If there are gaps where the floorboards meet the skirting boards,these can be filled with various things or covered by quarter beading (ie beading which is 90 degrees in cross section).
              'Pause you who read this, and think for a moment of the long chain of iron or gold, of thorns or flowers, that would never have bound you, but for the formation fo the first link on one memorable day'. Charles Dickens, Great Expectations

              Comment


                Thanks again Mind the Gap. Finding it hard to decide what to do. Builder is currently about to quote me on laminate and also sanded. Tenant has completely moved out this month but says I can start work on the room next week so it would be good to get it done and be able to rent it out with little rent lost with a vacant room

                I think I just need to see what the floor looks like then decide what floor covering to do. It the boards are close enough for most of it then sanded. If not then decide between Lino/Vinyl and laminate.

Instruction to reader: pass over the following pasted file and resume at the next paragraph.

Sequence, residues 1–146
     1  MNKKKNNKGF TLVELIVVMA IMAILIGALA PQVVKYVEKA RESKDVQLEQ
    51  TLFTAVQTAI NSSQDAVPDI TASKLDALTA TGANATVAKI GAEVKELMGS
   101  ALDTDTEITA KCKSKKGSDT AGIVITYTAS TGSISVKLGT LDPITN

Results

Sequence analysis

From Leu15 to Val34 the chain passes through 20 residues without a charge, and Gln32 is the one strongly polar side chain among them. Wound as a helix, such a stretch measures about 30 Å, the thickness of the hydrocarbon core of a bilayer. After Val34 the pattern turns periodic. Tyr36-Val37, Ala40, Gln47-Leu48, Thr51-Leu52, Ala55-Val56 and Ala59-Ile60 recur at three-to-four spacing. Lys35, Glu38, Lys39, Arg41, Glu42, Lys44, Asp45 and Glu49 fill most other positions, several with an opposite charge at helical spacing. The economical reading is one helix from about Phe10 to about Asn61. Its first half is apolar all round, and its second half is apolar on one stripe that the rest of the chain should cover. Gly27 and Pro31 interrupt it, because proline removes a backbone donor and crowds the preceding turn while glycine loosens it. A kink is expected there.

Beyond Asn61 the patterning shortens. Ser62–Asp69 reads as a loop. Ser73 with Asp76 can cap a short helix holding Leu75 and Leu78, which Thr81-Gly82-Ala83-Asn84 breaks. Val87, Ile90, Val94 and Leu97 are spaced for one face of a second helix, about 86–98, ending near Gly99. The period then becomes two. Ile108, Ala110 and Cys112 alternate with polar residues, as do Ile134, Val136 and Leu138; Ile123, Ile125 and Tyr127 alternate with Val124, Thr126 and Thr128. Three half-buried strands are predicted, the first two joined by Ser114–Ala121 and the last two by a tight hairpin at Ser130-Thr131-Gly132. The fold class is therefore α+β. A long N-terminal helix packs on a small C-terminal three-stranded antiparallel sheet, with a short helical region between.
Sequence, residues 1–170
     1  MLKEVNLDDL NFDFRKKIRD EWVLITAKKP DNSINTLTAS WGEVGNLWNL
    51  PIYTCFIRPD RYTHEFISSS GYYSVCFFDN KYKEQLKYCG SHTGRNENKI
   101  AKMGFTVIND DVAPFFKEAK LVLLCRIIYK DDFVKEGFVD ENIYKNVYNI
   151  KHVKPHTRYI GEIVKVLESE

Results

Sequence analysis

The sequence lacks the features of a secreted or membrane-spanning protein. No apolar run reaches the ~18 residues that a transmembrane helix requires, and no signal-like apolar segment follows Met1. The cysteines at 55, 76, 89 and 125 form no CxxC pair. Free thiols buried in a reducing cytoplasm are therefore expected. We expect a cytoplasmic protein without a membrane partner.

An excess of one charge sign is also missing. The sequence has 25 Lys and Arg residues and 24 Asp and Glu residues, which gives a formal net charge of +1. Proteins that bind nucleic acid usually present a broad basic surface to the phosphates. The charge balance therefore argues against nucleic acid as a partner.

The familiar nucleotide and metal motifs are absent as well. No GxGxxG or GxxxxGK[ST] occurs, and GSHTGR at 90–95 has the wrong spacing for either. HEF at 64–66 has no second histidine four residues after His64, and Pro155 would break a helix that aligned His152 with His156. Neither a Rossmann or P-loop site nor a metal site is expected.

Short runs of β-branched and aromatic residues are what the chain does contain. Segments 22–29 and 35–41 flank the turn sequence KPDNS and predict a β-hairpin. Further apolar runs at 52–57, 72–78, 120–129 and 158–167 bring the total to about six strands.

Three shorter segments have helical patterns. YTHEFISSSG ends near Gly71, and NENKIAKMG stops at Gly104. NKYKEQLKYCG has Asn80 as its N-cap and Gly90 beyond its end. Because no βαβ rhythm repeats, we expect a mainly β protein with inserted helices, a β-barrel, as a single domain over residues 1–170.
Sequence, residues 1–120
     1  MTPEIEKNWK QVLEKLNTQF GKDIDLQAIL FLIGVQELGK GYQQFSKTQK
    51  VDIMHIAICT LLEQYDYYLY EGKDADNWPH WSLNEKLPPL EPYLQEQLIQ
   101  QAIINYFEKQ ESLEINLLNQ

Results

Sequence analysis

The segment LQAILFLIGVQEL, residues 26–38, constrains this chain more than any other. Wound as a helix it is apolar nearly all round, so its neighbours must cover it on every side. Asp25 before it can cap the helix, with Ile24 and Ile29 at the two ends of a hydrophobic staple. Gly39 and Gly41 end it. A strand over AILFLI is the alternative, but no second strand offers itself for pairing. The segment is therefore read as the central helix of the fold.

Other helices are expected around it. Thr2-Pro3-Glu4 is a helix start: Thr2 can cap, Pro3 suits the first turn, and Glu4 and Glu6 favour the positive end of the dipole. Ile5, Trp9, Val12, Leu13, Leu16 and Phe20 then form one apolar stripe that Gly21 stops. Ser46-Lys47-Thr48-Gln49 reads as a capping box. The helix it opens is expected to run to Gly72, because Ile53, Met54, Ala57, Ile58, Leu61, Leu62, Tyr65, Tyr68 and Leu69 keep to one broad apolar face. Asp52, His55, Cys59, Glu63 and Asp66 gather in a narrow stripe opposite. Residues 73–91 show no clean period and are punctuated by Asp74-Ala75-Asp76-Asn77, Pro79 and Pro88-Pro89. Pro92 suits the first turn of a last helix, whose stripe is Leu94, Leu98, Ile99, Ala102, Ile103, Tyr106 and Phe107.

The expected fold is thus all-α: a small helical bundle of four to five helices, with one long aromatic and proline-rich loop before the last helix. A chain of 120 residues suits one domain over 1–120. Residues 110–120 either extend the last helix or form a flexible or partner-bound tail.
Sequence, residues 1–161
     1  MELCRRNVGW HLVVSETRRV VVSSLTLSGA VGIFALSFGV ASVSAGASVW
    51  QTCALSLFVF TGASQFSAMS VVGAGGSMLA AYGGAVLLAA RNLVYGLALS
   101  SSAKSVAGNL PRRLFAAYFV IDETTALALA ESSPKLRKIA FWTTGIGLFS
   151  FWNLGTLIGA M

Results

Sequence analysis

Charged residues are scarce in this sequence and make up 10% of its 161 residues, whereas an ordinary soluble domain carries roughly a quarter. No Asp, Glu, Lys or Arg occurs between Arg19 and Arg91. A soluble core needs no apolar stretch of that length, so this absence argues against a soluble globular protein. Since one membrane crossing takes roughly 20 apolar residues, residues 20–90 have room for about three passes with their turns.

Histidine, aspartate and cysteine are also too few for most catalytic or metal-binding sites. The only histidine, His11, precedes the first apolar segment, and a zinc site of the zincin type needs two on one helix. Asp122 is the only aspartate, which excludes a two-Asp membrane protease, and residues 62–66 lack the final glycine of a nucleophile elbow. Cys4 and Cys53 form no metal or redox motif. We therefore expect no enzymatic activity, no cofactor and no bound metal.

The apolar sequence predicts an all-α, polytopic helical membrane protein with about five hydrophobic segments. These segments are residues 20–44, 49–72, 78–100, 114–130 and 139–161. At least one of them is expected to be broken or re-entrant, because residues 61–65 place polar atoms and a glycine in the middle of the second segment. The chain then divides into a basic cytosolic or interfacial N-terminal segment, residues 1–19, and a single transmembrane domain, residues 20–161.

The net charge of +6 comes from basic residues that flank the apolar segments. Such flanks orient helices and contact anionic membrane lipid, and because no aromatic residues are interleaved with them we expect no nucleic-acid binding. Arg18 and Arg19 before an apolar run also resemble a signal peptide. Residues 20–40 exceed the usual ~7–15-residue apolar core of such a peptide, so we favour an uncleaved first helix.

I Have used Lino/Vinyl in smaller shower room & small kitchen and they look fine. I impress myself on how good they look. However I feel that for such a very large double room I think that the lino/vinyl will go bumpy, ride up and look cheaper over time.

                ...

                Comment


                  Originally posted by BusyLandlord View Post
                  Thanks again Mind the Gap. Finding it hard to decide what to do. Builder is currently about to quote me on laminate and also sanded. Tenant has completely moved out this month but says I can start work on the room next week so it would be good to get it done and be able to rent it out with little rent lost with a vacant room